In a wider context, immigrants can benefit in non-economic ways as they may escape persecution, war, natural disasters, and strong political control, therefore resulting in them benefitting from a host country’s ability to offer social security – a clear example being the refugees escaping Syria in the recent years. However, as immigration can eliminate vulnerabilities of immigrants, it can create vulnerabilities for host countries as witnessed by terrorism. Terrorists, to enter the country, take advantage of the vast amount of applications of immigrants and therefore manipulate the system with its limitations in technology (Kephart, 2006). However, on 9/11, the terrorists entered with non-immigrant and student visas, i.e. as temporary visitors, highlighting that immigration is not entirely to blame.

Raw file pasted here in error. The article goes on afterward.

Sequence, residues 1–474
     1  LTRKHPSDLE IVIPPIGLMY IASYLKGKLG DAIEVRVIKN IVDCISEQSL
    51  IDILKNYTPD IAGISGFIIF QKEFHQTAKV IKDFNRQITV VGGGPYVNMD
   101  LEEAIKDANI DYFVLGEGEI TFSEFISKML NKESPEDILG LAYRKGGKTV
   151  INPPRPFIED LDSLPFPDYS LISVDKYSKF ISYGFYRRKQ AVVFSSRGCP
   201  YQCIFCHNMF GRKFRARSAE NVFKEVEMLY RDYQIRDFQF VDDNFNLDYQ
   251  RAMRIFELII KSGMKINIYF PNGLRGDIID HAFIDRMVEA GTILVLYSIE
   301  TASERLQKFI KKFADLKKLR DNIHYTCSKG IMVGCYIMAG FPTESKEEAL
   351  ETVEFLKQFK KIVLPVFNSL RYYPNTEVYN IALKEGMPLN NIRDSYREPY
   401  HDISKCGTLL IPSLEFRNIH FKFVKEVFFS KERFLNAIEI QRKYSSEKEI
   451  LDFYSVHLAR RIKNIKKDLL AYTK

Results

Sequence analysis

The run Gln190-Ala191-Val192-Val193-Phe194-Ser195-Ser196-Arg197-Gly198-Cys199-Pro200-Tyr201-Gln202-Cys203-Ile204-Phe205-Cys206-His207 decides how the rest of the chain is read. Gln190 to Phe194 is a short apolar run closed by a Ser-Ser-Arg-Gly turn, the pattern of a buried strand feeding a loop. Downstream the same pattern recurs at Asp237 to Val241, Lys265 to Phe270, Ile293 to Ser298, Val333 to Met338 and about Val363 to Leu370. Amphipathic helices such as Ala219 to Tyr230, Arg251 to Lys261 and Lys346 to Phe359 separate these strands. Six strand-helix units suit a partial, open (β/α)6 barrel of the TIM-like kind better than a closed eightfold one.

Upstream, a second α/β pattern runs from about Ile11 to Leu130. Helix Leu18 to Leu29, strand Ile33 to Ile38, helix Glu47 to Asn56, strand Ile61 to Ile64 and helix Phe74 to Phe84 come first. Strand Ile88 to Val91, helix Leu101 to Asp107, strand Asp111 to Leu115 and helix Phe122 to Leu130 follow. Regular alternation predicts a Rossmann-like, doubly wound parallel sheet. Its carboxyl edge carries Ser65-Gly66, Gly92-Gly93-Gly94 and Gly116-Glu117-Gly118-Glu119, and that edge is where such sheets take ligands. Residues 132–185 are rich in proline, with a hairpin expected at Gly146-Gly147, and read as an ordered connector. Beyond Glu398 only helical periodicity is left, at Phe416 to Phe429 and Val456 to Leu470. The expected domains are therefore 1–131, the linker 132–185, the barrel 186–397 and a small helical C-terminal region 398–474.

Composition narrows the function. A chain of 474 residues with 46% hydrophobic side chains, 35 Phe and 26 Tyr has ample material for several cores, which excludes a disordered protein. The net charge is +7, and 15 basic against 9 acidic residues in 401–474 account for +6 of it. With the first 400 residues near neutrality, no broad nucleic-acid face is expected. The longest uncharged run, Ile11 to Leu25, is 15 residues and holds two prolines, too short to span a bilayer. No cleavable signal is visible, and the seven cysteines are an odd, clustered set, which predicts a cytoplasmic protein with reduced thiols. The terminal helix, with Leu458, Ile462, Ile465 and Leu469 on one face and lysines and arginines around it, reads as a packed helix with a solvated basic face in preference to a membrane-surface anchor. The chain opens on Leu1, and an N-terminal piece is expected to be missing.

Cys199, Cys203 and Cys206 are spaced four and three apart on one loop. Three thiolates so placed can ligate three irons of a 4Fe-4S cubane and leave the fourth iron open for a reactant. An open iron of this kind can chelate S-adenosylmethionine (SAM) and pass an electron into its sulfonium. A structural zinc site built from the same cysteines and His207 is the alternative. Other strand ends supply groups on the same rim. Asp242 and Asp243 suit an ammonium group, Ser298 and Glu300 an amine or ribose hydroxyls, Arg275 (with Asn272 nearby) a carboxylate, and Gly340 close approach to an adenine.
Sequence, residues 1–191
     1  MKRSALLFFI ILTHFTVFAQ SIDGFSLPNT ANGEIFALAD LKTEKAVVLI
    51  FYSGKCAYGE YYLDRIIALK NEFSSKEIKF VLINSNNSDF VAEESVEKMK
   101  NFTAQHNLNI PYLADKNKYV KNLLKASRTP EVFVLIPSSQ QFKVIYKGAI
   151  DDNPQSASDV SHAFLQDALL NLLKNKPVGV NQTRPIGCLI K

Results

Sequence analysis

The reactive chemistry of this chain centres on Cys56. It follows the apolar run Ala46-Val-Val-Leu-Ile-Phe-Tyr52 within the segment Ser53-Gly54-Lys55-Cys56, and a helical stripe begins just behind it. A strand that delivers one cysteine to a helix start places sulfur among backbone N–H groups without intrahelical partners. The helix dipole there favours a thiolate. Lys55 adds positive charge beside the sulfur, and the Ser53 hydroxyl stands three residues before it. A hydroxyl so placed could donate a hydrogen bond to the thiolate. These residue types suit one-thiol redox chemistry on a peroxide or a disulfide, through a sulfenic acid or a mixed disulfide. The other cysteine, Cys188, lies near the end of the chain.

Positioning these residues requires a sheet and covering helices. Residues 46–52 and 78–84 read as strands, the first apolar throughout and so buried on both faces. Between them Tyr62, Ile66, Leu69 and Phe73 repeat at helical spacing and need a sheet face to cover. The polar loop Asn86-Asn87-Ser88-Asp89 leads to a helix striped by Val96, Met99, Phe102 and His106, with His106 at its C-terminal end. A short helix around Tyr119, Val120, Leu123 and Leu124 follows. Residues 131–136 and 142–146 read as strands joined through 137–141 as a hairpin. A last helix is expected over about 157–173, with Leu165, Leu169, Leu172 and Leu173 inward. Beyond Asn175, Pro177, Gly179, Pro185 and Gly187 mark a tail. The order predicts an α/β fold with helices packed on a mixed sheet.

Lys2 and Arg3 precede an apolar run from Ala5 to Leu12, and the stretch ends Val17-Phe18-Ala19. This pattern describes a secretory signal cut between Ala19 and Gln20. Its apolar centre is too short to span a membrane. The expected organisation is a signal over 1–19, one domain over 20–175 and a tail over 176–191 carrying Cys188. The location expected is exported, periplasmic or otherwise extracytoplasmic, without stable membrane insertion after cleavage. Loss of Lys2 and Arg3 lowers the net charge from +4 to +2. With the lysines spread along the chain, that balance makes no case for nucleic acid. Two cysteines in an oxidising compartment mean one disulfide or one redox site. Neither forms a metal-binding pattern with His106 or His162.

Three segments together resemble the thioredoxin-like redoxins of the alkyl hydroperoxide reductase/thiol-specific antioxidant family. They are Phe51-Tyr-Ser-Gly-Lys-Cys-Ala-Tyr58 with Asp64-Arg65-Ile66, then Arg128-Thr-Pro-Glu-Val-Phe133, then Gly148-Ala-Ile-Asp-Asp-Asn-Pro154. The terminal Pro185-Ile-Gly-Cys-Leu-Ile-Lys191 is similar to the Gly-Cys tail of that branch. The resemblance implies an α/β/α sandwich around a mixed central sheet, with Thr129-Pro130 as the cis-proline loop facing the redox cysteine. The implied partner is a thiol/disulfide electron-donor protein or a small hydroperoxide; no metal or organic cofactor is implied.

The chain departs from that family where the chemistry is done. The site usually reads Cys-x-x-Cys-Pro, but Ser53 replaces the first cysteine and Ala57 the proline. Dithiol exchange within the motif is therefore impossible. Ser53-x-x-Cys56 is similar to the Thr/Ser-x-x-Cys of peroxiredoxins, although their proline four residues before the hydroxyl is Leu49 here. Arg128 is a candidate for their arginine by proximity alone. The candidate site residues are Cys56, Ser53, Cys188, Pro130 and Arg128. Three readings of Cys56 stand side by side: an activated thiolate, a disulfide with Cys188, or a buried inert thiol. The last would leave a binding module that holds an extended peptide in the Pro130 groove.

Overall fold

Additionally, cultural factors play a part as immigrants contribute to the cultural diversity of a country, becoming appealing to tourists as there are fewer assumptions of racism and discrimination. Nevertheless, discrimination is still present in small groups. Chiswick (2008) describes how anti-Catholic, anti-Semitic, and anti-Asian opinions have influenced immigration policies in America, suggesting a possibility of hate crimes and hostility due to their thoughts of the nation-state losing its identity. Their reasoning could also be as Cohen and Sirkeci (2011) describe how receiving populations oppose migration due to the assumption of jobs being taken, crime increasing and services being used excessively, therefore leading to xenophobia. This is further backed up by Epstein and Gang (2010) who describe how the formation of immigration clusters, for example, Mexicans in California, has led to both costs and benefits. The benefit is for the immigrants themselves, where they support each other to assimilate into the foreign culture more easily. However, this can be a cost as they might be subject to adverse selection. Additionally, West (2011) comments on how cultural it can be a cost due to natives having anxiety over the loss of culture as migrants fail to integrate into mainstream life, resulting in ethnocentrism. This explains why immigrants can be losers due to language barriers and lack of awareness of the host country’s culture, possibly leading to difficulties in finding work, so often resulting in low-wage jobs being taken. Correspondingly, immigrants may lack legal knowledge of the host country, possibly landing in problematic situations.